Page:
flock. The series may be loud, but more often it is a medium volume series, rising and lowering in volume and intensity.
Try turning in position as you make this call to simulate the lost hen, pivoting her head to scan the forest as she
The 'Assembly Yelp' is also a long series but the attitude is different. The urgency is still there as the adult hen
attempts to reassemble her flock after a breakup. There is a little panic too, but the maternal hen's assembly yelps are
more like a command for the flock to return to her. If she is near to your set-up, her poults will return to her calling
rather than yours. One option is to get up and run her off, then call to her nearby poults, sounding as much like the
brood hen as possible. The second option is to challenge the brood hen with calls like hers, increasing in volume and
tempo as the challenge escalates. It may become a cutting and yelping match with her coming in after you.
Best callers for the assembly yelp are diaphragms with cuts that increase rasp and deepen tone (a half moon or split v
cut will work) or a raspy slate or box call.
COARSE YELPS, GOBBLES AND FIGHTING PURRS
If you are committed to harvesting a gobbler or a jake, concentrate on scratchy, coarse tones in your calling. Decrease
the frequency of calls and slow down the tempo. Gobblers call less in the fall.
If you bust a group of gobblers, set up and call immediately. They sometimes come right back in, but often do not regroup
for hours. The patient hunter may wait them out, calling occasionally on a raspy slate, box, diaphragm, coarse scratch
box or gobble call. Make one or two yelps or clucks every 15-30 minutes. Stay alert for the gobbler often comes in
silently, and watch out for stalking hunters. A blind such as the Primos 'Stake
Out Ground Blind' will help conceal your movements.
Crews of year and a half old jakes often roam the woods together at this time of year. If you are the type of hunter that
likes to run ridges and call often, hunting these jakes can be fun. They are vocal, territorial and often careless with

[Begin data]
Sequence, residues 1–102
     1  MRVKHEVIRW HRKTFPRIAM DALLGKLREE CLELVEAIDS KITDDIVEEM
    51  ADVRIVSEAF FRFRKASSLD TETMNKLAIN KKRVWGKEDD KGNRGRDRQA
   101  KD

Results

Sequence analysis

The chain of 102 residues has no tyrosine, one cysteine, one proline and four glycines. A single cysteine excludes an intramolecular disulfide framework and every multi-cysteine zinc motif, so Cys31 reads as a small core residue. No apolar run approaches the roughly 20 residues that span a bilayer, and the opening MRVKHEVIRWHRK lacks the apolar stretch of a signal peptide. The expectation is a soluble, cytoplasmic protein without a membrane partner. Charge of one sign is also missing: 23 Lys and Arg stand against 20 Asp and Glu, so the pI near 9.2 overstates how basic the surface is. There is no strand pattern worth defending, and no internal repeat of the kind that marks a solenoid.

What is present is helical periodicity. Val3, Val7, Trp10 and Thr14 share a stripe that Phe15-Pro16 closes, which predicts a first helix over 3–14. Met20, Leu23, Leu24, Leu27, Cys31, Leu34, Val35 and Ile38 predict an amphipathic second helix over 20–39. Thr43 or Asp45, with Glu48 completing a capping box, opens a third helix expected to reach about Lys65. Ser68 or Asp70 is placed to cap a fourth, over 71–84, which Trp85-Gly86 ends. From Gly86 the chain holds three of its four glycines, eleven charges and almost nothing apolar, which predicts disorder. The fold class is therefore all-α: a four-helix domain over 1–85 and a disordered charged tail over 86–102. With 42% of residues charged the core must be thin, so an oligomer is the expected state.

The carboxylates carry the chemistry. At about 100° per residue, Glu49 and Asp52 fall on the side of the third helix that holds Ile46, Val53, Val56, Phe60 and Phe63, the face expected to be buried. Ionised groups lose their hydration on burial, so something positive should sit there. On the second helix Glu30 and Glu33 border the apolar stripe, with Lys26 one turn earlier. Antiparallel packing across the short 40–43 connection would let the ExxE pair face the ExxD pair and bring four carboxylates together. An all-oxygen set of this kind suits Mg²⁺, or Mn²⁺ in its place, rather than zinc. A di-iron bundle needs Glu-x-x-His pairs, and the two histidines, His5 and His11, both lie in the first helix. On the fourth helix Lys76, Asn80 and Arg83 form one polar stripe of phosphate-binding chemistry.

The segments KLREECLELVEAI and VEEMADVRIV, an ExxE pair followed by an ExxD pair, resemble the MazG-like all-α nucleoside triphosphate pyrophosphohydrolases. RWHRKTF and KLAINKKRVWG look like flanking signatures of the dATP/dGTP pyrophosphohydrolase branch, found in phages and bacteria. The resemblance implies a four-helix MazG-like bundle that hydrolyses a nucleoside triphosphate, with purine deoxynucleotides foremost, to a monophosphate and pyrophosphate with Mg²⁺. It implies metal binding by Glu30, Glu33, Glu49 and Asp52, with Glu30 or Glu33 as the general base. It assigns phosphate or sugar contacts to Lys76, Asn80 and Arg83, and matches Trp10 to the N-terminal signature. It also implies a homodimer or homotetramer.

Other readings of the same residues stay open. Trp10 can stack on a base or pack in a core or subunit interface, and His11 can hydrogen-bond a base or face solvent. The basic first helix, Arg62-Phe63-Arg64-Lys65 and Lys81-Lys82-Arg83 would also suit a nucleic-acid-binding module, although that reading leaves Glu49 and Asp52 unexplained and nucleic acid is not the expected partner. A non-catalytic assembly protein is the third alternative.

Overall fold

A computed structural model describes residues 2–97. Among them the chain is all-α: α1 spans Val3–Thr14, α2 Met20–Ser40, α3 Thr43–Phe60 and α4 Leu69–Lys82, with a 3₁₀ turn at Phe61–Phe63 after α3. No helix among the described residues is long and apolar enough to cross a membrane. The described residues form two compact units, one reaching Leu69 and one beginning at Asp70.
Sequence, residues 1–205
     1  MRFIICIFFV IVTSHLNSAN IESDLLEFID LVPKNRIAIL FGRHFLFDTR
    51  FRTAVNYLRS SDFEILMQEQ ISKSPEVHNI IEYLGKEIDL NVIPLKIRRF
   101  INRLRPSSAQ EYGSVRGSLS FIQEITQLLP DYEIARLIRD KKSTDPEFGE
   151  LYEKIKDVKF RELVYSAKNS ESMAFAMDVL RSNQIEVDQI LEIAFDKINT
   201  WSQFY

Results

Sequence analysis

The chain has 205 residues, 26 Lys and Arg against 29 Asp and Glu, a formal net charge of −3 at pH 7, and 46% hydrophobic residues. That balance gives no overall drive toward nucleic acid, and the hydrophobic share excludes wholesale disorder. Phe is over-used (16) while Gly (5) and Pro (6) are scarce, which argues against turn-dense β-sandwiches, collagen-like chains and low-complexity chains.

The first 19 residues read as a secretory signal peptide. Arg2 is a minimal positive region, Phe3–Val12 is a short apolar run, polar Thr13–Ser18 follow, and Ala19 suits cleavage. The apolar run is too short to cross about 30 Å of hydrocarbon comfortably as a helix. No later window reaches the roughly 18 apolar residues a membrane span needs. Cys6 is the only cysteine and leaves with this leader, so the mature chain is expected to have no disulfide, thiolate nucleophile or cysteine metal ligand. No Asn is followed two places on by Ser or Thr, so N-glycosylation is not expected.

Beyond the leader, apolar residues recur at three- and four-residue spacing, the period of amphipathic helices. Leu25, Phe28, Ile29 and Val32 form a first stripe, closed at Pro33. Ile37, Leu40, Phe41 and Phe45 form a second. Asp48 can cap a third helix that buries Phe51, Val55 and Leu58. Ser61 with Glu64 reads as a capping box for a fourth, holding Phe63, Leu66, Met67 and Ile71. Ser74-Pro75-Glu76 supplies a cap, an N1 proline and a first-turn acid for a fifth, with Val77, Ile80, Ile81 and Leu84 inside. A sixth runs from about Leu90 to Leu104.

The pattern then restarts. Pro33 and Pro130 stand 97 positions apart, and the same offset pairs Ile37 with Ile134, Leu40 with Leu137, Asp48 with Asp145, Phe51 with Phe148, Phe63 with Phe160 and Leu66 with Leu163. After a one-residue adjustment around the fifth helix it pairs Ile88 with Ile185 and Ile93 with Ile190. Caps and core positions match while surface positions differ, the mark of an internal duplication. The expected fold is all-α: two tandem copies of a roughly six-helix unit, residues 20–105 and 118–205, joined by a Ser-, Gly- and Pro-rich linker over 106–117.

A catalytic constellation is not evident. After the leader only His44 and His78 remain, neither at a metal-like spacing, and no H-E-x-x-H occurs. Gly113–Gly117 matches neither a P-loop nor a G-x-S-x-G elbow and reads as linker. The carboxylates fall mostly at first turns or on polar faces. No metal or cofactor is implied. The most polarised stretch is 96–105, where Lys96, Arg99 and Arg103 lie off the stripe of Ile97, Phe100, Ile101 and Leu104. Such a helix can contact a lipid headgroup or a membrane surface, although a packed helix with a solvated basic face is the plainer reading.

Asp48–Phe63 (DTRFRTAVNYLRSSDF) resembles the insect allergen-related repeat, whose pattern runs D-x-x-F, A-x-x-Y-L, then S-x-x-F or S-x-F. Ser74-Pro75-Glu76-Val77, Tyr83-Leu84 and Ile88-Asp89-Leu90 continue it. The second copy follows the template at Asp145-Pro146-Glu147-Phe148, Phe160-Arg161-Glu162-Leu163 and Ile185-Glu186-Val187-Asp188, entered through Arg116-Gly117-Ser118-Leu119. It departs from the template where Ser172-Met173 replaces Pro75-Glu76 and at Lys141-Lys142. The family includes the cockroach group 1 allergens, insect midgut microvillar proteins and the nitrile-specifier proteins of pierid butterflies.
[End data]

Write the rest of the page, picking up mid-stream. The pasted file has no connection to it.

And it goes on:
curiosity. At each stop or set up cast out coarse yelps, clucks or kee kee runs.
The 'ghost cut' diaphragms, such as Cane Creek's Lost Poult or
Woodhaven's Gray Ghost work well.
The fighting or agitated purr is often used successfully for hunting jakes and gobblers in the fall. This call is a
combination of cutting and purring – cutting because the note is harsh and loud, and purring because the notes are a
continuous run. A slate or glass call will give these sounds by applying more pressure on the striker. Run the striker
closer to the center of the slate where tone is deeper. Two push button calls combine for the same effect. And an
occasional gobble may add to the realism of the fight. Lay on the volume because a gobbler fight is a noisy affair.
Some hunters carry and use turkey wings to increase the effect by clashing them together and smacking them on trees or
leaves. This tactic is similar to using rattling horns for whitetail deer.
Once again be watchful of approaching hunters who may have been fooled by your calling.
CLUCKS AND PURRS
Fall turkeys become more cautious as the hunting season progresses. They do not regroup as quickly and become less
responsive to aggressive calling. Sometimes birds stay scattered, and approach each vocal encounter more carefully. At
this time clucks, purrs and soft yelps, made on a slate, diaphragm, box or suction yelper may be most effective. As the
lone turkey that has been separated for a period of time, seeks to regroup in the later season; often one soft cluck or
yelp is all you will hear. Answer with the same call and be ready because this bird will often stop and look at 30-40
yards and come no closer.
As in spring turkey hunting, patience and determination are important to success. Always be certain of your target and
the area close beyond it.
Fall Turkey Hunting Part 2 - Locating & Strategy >>